A Government minister has indicated that options for replacing the Harpoon anti-ship missile are ‘being considered’.
Harriett Baldwin, Under Secretary of State for Defence Procurement, said in response to a question in Parliament:
“The Harpoon system currently carried by the Royal Navy will reach its out of service date in 2018.
As part of a process of continuously reviewing the capabilities required to deliver their tasking, the Royal Navy is working alongside other areas of the Ministry of Defence to consider options for a Harpoon replacement.
I am withholding further detail as its disclosure would, or would be likely to, prejudice the capability, effectiveness or security of the Armed Forces.”
The minister added later:
“The Royal Navy is, of course, continuously assessing the capabilities it requires, and work is ongoing across the Department to consider the options for the Harpoon replacement.”
The Royal Navy is to lose its anti-ship missile capability in 2018 when the Harpoon missile is withdrawn.
While the fleet will still have an anti-ship capability via the submarine fleet and embarked helicopters, this will still be a significant capability gap. Harpoon missiles are unlikely to be replaced for up to a decade.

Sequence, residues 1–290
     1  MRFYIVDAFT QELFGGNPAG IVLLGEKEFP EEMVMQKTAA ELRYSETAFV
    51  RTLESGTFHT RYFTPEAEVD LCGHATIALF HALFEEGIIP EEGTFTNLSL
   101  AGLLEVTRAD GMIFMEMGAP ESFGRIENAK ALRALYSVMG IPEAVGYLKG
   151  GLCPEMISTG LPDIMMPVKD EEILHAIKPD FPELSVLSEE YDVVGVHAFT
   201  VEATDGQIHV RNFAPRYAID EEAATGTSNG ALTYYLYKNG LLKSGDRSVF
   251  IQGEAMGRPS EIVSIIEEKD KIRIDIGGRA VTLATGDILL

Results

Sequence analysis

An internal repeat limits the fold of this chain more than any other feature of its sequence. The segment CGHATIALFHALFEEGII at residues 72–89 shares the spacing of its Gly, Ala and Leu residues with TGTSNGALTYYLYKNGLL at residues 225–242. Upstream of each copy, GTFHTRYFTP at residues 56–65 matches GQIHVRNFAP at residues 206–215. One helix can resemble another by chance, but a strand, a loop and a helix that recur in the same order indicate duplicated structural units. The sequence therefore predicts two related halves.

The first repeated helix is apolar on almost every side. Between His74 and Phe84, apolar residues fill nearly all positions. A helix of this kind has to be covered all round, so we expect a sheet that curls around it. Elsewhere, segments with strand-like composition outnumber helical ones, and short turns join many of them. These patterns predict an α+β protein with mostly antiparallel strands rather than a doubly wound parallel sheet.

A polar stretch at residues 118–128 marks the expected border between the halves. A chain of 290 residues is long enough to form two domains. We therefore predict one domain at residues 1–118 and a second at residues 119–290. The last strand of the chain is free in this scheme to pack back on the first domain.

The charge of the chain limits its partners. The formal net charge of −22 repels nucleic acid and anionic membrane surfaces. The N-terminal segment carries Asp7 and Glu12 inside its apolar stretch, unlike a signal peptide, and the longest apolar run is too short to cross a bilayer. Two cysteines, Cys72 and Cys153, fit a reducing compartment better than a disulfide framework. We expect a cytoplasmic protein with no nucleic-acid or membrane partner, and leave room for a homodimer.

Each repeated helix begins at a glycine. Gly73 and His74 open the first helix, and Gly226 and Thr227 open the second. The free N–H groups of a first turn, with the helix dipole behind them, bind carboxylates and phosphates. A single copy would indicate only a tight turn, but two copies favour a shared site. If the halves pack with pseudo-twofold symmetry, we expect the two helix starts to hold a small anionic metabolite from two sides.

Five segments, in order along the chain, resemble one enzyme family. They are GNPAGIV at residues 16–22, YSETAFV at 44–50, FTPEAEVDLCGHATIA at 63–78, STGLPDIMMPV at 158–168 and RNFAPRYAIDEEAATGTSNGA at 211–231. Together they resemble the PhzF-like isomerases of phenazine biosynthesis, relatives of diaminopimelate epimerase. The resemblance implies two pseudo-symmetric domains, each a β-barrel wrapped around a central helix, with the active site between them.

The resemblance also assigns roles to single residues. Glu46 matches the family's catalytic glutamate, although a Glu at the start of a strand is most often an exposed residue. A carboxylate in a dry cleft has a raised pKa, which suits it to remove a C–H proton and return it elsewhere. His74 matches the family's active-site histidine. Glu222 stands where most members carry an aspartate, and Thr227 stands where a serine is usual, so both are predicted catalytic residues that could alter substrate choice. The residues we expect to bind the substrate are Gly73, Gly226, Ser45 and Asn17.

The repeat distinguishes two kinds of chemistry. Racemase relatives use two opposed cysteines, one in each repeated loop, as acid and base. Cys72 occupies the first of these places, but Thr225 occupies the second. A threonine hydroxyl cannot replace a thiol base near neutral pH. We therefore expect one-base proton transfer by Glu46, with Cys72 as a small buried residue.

Many however have described Harpoon as totally inadequate for anti-surface warfare in today’s environment, many however also argue that it’s a useful capability and in the words of a Royal Navy officer we spoke to “better than nothing”.
According to the Telegraph, Rear-Admiral Chris Parry, said:
“It’s a significant capability gap and the Government is being irresponsible. It just shows that our warships are for the shop window and not for fighting.”
Former First Sea Lord, Lord West of Spithead said:
“This is just another example of where the lack of money is squeezing and making the nation less safe.We will have this gap of several years without missiles. Well, that’s fine if you don’t have to fight anybody in the meantime.”
As for what form a replacement will take, it’s anyones guess however Lockheed Martin are eager to have their Long Range Anti-Ship Missile fitted to new Type 26 Frigate fleet.
Frank St. John, vice president at Lockheed Martin Missiles and Fire Control said:
“Type 26 will be fitted with MK 41 vertical launching system and I believe LRASM would be a good fit for these vessels.”